For example in wrestling, there is an inherent risk of a torn muscle. In rock climbing, there is an inherent risk of a fall. Some of these risks cannot be eliminated without altering the very nature of the activity.
However, that does not mean there is never liability established when injuries occur during sports or recreational activities. Sometimes, it comes down to whether the risk was inherent. Other times, it comes down to whether the facility/entity owed a duty of care to the person injured. In other cases, it’s a matter of whether the facility/ entity knew or should have known there was a danger.
A recent case out of New York illustrated these principles.
In Lik v. L.A. Fitness, plaintiff filed a personal injury lawsuit after he suffered an injury while playing a game of basketball at defendant’s gym. Plaintiff alleged he suffered a knee injury after falling on a floorboard that was defective. His lawsuit was filed with the Nassau County Supreme Court.
Defendant responded to the complaint with two legal theories. First, the defendant argued that plaintiff was participating in a sporting activity that involved inherent risks, which plaintiff assumed by engaging in that activity. One of those risks, defendant argued, was falling to the ground. Therefore, plaintiff’s injury wasn’t caused by any negligence on the part of defendant, but rather because of that inherent risk. Secondly, defendant argued plaintiff had failed to present enough evidence that a defect in the floor even existed. However, if a defect did exist, defendant argued, there was no evidence defendant had the required notice — actual or constructive — before this happened. That is, in a premises liability lawsuit like this, plaintiff has to show not only was there a dangerous condition, but that defendant knew or should have known about it. Defense argued it conducted regular premises checks, and there had been no indication the floorboard where plaintiff fell was defective.
Based on all this, defendant moved for summary judgment.
Plaintiff countered this shouldn’t be granted because defendant had not shown it was entitled to summary judgment as a matter of law based on the “assumption of risk doctrine” because he wasn’t arguing the gym was responsible for his fall. Rather, he was arguing the gym was responsible to the injury to his knee caused by the defective floorboard — which is not an inherent risk assumed when playing basketball.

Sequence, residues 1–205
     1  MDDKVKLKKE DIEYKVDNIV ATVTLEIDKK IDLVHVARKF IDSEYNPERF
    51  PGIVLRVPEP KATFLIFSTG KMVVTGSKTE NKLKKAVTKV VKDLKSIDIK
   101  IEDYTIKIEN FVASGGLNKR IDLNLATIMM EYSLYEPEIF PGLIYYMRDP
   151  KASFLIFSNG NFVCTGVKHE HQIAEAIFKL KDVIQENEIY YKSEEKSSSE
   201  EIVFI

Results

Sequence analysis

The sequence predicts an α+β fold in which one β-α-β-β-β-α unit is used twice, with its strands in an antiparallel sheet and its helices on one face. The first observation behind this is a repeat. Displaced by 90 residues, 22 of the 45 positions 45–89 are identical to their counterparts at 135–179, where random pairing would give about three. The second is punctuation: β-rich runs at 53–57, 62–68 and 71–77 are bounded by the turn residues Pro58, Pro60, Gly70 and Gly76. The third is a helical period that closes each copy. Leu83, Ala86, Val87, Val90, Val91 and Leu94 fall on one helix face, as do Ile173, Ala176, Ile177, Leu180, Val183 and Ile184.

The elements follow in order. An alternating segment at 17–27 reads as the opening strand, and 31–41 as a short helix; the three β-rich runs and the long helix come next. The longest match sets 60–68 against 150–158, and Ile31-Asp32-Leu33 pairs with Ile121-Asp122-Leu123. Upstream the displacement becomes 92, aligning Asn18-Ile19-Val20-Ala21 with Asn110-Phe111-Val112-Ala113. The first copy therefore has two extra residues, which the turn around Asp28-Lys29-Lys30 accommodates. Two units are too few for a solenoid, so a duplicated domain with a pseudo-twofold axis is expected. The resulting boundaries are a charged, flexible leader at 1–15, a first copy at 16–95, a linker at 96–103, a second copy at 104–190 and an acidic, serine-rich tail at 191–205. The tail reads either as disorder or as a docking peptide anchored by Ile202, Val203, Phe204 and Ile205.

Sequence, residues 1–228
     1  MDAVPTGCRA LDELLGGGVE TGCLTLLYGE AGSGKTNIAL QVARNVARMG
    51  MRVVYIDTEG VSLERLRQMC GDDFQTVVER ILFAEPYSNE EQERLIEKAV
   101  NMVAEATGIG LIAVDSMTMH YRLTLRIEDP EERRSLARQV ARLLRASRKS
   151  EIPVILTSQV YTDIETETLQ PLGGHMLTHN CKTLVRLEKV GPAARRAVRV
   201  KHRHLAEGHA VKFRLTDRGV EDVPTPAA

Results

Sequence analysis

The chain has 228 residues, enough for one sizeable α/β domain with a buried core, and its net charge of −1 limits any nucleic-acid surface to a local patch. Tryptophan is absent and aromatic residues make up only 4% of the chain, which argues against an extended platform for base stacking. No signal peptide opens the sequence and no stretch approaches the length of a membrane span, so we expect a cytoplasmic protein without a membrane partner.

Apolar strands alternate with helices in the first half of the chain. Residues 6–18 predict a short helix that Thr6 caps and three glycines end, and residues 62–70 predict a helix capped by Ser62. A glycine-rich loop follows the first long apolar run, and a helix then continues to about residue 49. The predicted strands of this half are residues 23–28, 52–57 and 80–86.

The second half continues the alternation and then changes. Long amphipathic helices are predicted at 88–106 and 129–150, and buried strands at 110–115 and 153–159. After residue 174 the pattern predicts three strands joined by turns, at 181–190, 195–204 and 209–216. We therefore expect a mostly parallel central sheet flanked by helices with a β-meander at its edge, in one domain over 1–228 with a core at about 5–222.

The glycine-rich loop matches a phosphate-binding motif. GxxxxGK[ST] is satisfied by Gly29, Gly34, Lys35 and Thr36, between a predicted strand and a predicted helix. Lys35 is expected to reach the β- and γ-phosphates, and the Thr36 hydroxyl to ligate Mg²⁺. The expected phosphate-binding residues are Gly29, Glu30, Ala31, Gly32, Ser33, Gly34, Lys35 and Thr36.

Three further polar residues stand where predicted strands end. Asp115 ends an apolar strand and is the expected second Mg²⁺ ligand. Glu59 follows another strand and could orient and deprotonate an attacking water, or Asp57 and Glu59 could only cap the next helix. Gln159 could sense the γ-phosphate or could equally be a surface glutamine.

Aside from that, plaintiff argued defendant hadn’t proven there was no factual dispute regarding the actual/ constructive notice element. Specifically, defendant stated the court had been inspected, but there was no documented proof as to when or how often or what aspects of the court those inspections examined.
The judge separated the arguments into two separate issues: The actual/ constructive notice issue and the assumption of risk.
With regard to the assumption of risk, the court ruled it’s a question of fact whether conditions caused by the gym’s alleged negligence are unique or whether there was a danger over and above what would normally be expected in the game. Secondly, with regard to notice, the court pointed out there was no testimony from an employee regarding the reported prior inspections, and neither was any document submitted.
Therefore, the judge declined to grant summary judgment to defendant and set the next court date for this month.
If you have been a victim of a Florida personal injury, call Chalik & Chalik at (954) 476-1000 or 1 (800) 873-9040.
Lik v. L.A. Fitness, May 5, 2016, Nassau County Supreme Court
More Blog Entries:
Reducing Brain Injuries in Children Goal of Pop Warner Nixing Kickoffs, May 17, 2016, Florida Premises Liability Lawyer Blog